The Burmese government said Monday it was lifting a ban on publication of two weekly journals amid local media protests against government censorship.
Several dailies blacked out their front pages in the latest action by the Burmese media pushing for freedom of expression as the country enters a new period of liberalization under President Thein Sein's nominally civilian government after decades of military rule.
The government's Press Scrutiny and Registration Division (PSRD), which requires media outlets to submit articles for approval before publication, summoned editors of the Voice Weekly and Envoy magazines Monday and told them that their suspension would be lifted next week.
The journals had been told that the suspension periods were indefinite when informed of the ban last week and were asked to follow the regulations set down by the PSRD and the repressive Printers and Publishers Act enacted after a 1962 military coup.
No specific reasons were given for the suspension at that time, but the two had carried speculative reports on an expected cabinet reshuffle that may have ruffled government feathers.
"The censorship board called in the editors of the two journals today. They said the newspapers would be allowed to publish again and can resume publication next week," Voice chief editor Kyaw Min Swe told RFA. "We were told the suspension was only for two weeks."
The PSRD's decision to let the newspapers off the hook came after weekend protests by journalists in the cities of Rangoon, Mandalay, and Monywa over continuing restrictions on press freedom.
They donned black T-shirts that read “Stop Killing Media” and collected signatures from fellow journalists for a petition addressed to Thein Sein seeking an end to censorship.
According to one source, Thein Sein is believed to have allayed concerns over tightening media censorship at a meeting with about a dozen political parties at the weekend.
Still, several newspapers, including the Nation and the Messenger, blacked out their front pages to underline their anger over the increasing government censorship.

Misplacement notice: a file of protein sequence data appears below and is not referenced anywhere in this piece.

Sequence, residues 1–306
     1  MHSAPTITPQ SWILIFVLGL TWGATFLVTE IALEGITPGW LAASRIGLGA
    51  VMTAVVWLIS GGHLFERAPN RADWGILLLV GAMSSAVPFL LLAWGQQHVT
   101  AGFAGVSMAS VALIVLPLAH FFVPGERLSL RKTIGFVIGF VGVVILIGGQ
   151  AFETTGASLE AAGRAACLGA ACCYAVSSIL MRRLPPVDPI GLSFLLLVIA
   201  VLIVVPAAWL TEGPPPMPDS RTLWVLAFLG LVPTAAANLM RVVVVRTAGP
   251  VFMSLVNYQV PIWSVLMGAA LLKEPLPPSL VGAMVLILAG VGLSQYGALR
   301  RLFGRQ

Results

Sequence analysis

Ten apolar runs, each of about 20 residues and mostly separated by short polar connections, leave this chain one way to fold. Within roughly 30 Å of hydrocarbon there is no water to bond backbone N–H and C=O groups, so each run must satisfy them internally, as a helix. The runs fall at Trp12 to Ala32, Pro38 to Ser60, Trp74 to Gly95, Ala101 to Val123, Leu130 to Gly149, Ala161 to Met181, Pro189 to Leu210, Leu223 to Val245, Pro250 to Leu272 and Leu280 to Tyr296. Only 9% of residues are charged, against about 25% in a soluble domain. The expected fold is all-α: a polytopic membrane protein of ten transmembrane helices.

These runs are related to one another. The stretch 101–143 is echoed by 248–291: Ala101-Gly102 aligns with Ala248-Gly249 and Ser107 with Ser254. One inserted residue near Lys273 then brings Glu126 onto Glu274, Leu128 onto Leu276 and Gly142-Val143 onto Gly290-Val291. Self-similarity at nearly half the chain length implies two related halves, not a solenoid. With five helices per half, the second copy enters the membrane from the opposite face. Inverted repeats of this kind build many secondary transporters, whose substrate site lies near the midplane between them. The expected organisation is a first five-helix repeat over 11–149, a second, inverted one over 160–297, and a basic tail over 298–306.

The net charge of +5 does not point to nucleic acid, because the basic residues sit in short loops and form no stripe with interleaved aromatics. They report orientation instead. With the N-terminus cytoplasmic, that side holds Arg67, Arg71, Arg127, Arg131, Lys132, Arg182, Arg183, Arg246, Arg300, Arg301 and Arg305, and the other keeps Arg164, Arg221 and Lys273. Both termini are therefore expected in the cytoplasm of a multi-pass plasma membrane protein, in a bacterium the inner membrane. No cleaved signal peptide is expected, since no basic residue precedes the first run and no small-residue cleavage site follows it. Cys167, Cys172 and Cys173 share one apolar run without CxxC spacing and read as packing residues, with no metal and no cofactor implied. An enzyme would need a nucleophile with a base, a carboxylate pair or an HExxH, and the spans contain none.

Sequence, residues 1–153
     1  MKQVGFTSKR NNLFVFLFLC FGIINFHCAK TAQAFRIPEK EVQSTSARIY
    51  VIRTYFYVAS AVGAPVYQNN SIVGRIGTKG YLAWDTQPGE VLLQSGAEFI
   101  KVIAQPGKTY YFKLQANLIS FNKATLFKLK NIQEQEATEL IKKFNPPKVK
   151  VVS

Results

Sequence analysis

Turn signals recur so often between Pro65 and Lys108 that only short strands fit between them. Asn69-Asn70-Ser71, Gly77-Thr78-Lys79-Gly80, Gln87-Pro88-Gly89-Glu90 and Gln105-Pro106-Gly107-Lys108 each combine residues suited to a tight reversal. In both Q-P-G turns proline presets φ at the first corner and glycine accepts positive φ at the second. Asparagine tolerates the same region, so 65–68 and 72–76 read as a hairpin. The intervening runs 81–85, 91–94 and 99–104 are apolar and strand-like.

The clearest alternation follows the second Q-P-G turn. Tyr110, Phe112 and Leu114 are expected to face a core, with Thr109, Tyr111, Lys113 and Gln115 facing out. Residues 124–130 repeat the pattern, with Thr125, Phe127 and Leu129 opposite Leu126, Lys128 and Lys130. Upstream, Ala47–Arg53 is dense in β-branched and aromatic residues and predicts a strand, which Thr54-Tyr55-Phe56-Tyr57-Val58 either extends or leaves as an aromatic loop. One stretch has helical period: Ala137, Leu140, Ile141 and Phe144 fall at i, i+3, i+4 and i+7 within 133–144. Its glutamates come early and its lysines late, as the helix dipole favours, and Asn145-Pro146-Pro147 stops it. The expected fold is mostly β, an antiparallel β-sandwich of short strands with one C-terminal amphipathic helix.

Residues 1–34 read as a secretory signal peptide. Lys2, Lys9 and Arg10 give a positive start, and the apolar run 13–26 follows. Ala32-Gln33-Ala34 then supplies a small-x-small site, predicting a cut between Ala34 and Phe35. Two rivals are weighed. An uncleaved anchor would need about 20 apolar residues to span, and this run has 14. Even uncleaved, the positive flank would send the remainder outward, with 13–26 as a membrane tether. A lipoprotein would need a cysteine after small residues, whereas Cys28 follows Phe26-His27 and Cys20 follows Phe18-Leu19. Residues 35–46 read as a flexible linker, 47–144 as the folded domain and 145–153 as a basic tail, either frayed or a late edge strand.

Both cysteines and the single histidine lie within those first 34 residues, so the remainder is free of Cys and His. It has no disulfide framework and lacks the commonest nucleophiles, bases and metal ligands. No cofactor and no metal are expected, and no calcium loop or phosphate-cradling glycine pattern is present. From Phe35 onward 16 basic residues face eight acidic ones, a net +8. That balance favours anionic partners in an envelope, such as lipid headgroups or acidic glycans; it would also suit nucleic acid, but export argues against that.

The Messenger, quoting the Burmese Constitution, wrote in white on the front page's black background that "everyone has the right to express, write, and publish freely."
"We published it like this because we want to highlight the clamor by citizens for freedom of expression," Thura, the chief editor of the Messenger, told RFA.
Thet Zin, the chief editor of the Nation, told RFA that the move was also to stress that while "newspapers were keen to cooperate with the censorship board, they do not want to cooperate with us."
More journals to be published this week are expected to have similar covers, according to the Irrawaddy exile online journal.
It said after the suspension of the two weeklies, nearly 100 journalists formed a group called the Committee for Freedom of the Press, which organized the weekend protest rally in which journalists went to six media offices to gather signatures for the petition to Thein Sein.
“News media are still being censored,” says the petition drafted by the committee. “The recent suspension of [the two publications] shows the threats media face and the negative signs that exist despite the democratization process of Myanmar [Burma].”
Journalists at the event called it historic, the Irrawaddy reported.
“I’ve been working in media for 14 years, and I’ve never seen anything like this,” said Kyaw Naing, an editor from Voice Weekly. “We’ve never had the opportunity to speak our minds on press freedoms.”
News on the weekend protests was, however, deemed unfit for publication.
Thant Zin, chief editor of the Nation, said it had hoped to publish a story on its front page and sent a draft to the censorship board, as required under current media regulations.
“We were informed by the censorship board that this news is not allowed to be published,” he was quoted by the Irrawaddy as saying.
Reported by Khin Moh Moh of RFA's Burmese service. Translated by Kyaw Min Htun. Written in English by Parameswaran Ponnudurai.